Over the course of two years, Mahmoud al-Massad, a Jordanian director of Palestinian origin, filmed the life of an Islamic fundamentalist in his home town of Zarqa, Jordan. The result shows the complexity and inconsistencies of what is generally seen as a homogenous Jihadist milieu. Amin Farzanefar watched the documentary
He has collected thousands of bits of paper in his cellar; pieces of paper covered in quotes from the Koran and sayings of the Prophet. Someday, he would like to write a book about Jihad. No matter what the issue, he has a clear opinion that is based on the solid foundation of his faith. For example: "No Muslim should ever move to a non-Islamic land." Abu Ammar is a 'fundamentalist'. While he holds forth about God and the world in front of the camera, we generally see him driving around in an old VW van, collecting old cardboard boxes which he sends for recycling.
This portrait of a religious fanatic is painted against the backdrop of the city of Zarqa, with over half a million inhabitants the second largest city in Jordan and the country's military, industrial, and business centre. Social misery, economic poverty, and unemployment rule in the suburbs. Here, the most effective form of social work is still religious indoctrination. Zarqa has long been a breeding ground for extremists. In the past, those who wanted to put the misery of the city behind them and improve their lives, went to Afghanistan as a Mujahid or, more recently, to Iraq.
A son of the city
The Palestinian/Jordanian director Mahmoud al-Massad's path in life took a rather different course: born in Zarqa in 1969, his cinematic ambitions led him to Romania, Italy, and Germany. He now lives in the Netherlands. When he returned to his home town to conduct research in preparation for Recycle after an absence of seven years, he saw that the misery and consequently the extremism had spread; he felt like a stranger in his own town.
The resulting blend of artistic distance and sympathetic closeness really enriches the film. Massad follows his protagonist attentively and closely, with empathy and criticism, but without making a single comment. One of the most impressive aspects of Recycle is the intensive composition of images that captures a routine and a melancholy that cannot be escaped. In this way, the film has absolutely none of the pointed two-dimensionality of conventional television documentaries.
The global aspect - i.e. the conflict between Islam and the West - is, of course, present in the film, not least in the form of the city's most famous son, Abu Musab al-Zarqawi, Bin Laden's second in command, the self-styled head of al-Qaida in Iraq, and the man who brought terrorism in Iraq to a new level by issuing commands for hostages to be beheaded on camera.
Shaving the beards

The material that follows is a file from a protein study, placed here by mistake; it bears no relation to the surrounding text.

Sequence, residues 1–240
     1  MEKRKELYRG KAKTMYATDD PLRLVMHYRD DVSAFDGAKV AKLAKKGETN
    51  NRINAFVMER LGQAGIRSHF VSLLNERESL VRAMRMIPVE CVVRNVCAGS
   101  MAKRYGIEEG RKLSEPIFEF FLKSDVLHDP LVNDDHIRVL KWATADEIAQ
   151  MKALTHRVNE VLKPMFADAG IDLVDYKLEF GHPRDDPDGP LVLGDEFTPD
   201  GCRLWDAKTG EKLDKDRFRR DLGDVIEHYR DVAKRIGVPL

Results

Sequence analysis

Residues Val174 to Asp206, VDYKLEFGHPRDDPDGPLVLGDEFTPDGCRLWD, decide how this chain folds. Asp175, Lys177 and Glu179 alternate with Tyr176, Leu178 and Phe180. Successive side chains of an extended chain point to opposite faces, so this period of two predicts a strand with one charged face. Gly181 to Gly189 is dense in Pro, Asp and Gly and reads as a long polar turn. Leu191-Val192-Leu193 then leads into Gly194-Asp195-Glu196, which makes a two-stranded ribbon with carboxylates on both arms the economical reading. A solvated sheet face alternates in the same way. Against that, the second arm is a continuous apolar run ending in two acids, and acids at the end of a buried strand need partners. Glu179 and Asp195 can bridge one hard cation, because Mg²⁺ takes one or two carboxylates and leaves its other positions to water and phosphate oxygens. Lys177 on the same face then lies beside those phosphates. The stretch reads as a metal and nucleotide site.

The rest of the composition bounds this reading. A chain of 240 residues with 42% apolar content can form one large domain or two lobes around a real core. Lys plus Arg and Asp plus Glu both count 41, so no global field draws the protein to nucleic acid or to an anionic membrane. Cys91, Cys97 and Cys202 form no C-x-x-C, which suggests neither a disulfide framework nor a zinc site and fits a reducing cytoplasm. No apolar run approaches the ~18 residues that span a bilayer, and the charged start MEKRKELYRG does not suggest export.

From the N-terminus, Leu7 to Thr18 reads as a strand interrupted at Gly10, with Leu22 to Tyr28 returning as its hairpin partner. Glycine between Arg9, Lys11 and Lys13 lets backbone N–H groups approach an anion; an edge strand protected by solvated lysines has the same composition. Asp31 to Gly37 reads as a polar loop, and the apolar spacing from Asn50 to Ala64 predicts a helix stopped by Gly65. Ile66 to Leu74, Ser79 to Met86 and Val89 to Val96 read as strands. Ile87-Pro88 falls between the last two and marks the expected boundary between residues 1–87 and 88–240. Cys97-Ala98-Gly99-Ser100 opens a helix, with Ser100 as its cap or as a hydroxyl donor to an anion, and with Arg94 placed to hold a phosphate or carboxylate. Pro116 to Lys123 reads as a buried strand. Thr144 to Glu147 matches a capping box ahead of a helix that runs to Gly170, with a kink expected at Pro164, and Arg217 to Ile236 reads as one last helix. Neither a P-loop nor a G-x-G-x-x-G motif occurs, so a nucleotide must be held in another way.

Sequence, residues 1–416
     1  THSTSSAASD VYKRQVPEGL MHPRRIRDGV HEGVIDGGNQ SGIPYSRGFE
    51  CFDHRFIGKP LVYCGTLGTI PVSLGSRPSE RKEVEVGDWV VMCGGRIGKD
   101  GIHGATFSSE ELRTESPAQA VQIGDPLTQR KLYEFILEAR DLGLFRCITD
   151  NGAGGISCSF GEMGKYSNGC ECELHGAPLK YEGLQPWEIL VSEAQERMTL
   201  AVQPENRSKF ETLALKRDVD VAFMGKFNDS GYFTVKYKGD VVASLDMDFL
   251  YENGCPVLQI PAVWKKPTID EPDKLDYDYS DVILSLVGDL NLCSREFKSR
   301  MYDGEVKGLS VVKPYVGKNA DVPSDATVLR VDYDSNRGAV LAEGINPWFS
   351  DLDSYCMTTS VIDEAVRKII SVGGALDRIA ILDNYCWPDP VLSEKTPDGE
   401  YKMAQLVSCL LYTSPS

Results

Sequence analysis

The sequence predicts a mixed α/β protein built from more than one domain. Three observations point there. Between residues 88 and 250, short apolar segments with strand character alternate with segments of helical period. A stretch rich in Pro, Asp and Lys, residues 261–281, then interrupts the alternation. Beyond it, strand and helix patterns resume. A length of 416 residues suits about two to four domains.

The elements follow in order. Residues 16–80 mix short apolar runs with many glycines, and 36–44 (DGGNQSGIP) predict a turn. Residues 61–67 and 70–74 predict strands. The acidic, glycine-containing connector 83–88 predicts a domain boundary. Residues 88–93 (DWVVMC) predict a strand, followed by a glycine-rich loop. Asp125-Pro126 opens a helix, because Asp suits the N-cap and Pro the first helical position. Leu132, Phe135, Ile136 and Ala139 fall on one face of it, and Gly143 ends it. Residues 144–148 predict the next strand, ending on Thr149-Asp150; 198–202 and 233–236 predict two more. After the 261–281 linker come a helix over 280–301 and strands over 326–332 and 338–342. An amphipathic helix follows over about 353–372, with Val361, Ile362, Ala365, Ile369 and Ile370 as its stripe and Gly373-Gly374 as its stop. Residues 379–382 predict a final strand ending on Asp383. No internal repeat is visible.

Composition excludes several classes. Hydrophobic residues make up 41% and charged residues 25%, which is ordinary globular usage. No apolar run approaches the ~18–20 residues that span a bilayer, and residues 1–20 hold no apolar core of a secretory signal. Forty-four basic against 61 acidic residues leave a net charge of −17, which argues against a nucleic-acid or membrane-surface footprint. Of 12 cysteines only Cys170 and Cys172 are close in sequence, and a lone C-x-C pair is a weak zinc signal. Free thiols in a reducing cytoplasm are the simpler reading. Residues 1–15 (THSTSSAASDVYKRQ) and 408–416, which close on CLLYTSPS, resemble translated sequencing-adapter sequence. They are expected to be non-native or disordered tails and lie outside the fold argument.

Looking back, the early life of Ahmad Nazzal al-Khalaila (al-Zarqawi's original name) was somewhat unspectacular. He left school at an early age, was convicted of sexual assault, surrounded himself with drugs, alcohol, and women until as a result of contact with his religious sister, he learned how to transform and channel his criminal energy in a different direction.
On the one hand, Abu Ammar and his friends relate these and other stories about Zarqa's most famous son with seeming indifference; on the other, the camera frequently captures evidence of a widespread expert knowledge about al Zarqawi and the consequences of tourism founded on sensationalism: there is always someone who knew al Zarqawi's school or fought the "Holy War" with him in Afghanistan.
Even Abu Ammar - who is not as notorious as his compatriot, who was murdered in 2005 - was part of the Afghan Mujahidin decades ago. He worked as a bodyguard. Whether he worked for high-ranking members of the Taliban or not, he is not willing to say. Without giving any reasons, he was arrested after an attack on the hotel in Amman; without any explanation, he was released four months later. Then, during the filming of Recycle, he leaves for Iraq, but not as a warrior. Instead Abu Ammar drives with a colleague to Baghdad to work as a car mechanic and earn some money at last.
A few days later, the pair are back again - minus their beards. Fleeing in panic from US soldiers who appeared out of nowhere, they found themselves in a Shia district, which in itself posed a threat to them. The first thing they did was to shave off their Sunni beards.
Keeping everything in suspense
Recycle shows the complexity and inconsistencies of what is generally seen as a homogenous milieu. Despite all his ideology, Abu Ammar is still a husband and father who has to feed his seven or eight children and his two wives. At the end of the film, he abandons some of his principles.
Massad followed this man around, filming his life over the course of two-and-a-half years. The result is an atmospherically dense, close, long-term study that raises countless questions. The director does not make any brash assumptions or generalizations: This is Abu Ammar's life; others may be different. The reactions to his documentary have been very telling. Harassed, monitored, and pressurized in Jordan, he was accused in Europe of being a propagandist for Jihad. At times, the double meanings, nuances, and suspense seem unbearable. He himself says with modesty: "I made a film, not a bomb."
© Qantara.de 2008
Translated from the German by Aingeal Flanagan